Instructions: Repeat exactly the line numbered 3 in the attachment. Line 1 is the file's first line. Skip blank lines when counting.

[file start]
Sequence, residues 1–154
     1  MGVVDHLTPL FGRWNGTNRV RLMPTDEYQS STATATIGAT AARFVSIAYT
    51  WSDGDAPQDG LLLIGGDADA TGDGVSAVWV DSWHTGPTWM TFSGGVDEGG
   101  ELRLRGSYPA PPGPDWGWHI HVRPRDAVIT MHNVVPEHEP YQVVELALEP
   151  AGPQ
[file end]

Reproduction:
    51  WSDGDAPQDG LLLIGGDADA TGDGVSAVWV DSWHTGPTWM TFSGGVDEGG